The colon or large intestine is the largest part of the digestive tract in the human body. Your digestive tract consists of a group of organs that foods and liquids pass through when they are swallowed, digested, and absorbed.
The Function of Colon
The colon plays a very vital role in how your body digests all the food you eat. Read on to find out the process of how food travels through the body, in this sequence:
- Small intestine
Food digestion begins in the mouth. Then, the food is chewed by your teeth and broken into smaller particles. The salivary glands secrete saliva to soften the food before it moves through the esophagus. The esophagus is a 10-inch tube that connects your mouth to the stomach. Then, muscles in the walls of the esophagus move food into the stomach.
In the stomach, protein substances called enzymes, break down food into smaller substances. The stomach has strong muscles to squeeze and churn food until it turns into a thick, creamy liquid called chyme – which then travels to the small intestine.
In the small intestine, the food particles are broken down into even smaller particles. Fluids from the pancreas, liver, and gallbladder are all mixed in the small intestine. This is where all the essential vitamins and nutrients in food are absorbed through the lining of your small intestine into your blood. Blood supplies nutrients to other organs in your body. Nutrients are used to help repair cells and tissues.
Most of the remaining nutrients and water are absorbed by the colon. Bacteria in the colon help break down the remaining food products. Then, it transfers the remaining food products into the rectum. The rectum is like a waste storage facility. The rectum receives stool from your colon and keeps the stool until you are ready to have a bowel movement.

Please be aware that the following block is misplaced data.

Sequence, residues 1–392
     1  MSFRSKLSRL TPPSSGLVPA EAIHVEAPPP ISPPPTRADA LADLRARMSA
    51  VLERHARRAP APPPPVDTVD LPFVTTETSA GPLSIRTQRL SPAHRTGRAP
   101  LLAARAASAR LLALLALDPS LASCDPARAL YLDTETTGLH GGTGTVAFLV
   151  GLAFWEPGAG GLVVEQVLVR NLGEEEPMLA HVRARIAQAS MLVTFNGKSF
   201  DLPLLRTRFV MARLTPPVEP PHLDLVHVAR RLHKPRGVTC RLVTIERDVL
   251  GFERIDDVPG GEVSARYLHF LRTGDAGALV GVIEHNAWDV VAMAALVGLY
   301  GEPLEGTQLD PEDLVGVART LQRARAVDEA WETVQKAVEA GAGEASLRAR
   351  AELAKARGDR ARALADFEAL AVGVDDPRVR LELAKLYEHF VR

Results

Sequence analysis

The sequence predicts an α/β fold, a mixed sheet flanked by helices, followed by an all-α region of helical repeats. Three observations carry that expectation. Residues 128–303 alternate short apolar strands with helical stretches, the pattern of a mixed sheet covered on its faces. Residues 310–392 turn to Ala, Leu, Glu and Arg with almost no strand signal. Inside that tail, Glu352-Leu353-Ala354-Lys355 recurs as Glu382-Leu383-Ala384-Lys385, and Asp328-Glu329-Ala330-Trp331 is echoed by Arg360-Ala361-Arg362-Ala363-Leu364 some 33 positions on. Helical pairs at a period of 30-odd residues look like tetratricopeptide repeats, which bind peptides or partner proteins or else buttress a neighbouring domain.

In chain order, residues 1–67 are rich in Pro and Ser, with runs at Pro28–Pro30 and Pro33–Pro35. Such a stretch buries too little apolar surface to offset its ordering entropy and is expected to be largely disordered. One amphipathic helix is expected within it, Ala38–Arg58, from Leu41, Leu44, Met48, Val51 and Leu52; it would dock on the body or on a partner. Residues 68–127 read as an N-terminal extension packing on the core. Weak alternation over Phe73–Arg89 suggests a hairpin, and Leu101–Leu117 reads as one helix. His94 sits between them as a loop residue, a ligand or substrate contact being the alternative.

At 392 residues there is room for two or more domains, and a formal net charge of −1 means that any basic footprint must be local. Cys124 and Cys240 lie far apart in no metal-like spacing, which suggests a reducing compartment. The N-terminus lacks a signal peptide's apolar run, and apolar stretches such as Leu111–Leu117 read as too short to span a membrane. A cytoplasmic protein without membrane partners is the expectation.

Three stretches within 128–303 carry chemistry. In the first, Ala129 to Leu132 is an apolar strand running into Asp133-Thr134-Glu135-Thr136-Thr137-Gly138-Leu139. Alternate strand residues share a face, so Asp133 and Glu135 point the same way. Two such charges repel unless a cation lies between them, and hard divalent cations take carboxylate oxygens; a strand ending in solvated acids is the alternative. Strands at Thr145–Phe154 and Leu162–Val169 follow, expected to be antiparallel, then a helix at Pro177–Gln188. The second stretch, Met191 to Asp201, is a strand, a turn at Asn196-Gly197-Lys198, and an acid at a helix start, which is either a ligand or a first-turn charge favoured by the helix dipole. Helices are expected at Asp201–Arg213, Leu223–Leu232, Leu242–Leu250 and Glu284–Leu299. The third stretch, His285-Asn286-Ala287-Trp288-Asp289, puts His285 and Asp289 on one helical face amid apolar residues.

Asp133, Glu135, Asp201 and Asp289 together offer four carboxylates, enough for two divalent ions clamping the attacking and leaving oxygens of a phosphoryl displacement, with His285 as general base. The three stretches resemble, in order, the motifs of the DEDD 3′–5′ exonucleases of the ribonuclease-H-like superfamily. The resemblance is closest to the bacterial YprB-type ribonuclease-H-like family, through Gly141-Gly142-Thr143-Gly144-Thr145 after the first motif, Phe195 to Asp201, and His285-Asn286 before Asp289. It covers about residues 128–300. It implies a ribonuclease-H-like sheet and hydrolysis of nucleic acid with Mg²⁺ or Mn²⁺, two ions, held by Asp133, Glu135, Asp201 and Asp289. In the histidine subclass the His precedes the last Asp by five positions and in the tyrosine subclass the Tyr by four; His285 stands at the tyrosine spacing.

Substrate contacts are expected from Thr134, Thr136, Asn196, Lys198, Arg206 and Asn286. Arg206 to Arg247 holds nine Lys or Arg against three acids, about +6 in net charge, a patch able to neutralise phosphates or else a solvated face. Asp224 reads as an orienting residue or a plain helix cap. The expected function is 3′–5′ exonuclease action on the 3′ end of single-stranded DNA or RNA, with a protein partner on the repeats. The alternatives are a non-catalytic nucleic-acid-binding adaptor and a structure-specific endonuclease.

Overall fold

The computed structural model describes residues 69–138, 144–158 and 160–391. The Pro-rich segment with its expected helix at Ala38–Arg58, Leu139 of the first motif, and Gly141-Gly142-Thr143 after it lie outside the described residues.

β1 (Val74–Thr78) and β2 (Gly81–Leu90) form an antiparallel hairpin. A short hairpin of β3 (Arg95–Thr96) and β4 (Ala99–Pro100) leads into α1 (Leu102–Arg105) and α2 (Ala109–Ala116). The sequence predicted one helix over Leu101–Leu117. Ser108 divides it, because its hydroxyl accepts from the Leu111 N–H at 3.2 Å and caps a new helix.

Implementing a healthy diet is good for your overall health. Particularly, a low-calorie, high-fiber diet, which you can find in fruits and vegetables. It is important for maintaining a healthy colon, where it will eliminate any food waste that your body no longer needs. If your colon is not working properly, you will experience problems such as bloating and gas pains.
Who is a Colon and Rectal (Colorectal) Surgeon?
Colon and rectal (colorectal) surgeons specialize in the surgical and non-surgical treatment of diseases occurring in the colon, rectum, and anus. Surgeons receive advanced surgical training and general surgical training in the management of colorectal disease. Colorectal surgeons are experienced in treating benign and malignant tumors (cancer) of the colon, rectum, and anus. In addition, they are also able to perform regular screening tests and surgical procedures if necessary. Consult a colorectal surgeon if you display any symptoms that may indicate you have colorectal cancer. Colorectal cancer is preventable, and one of the most curable types of cancer when detected early.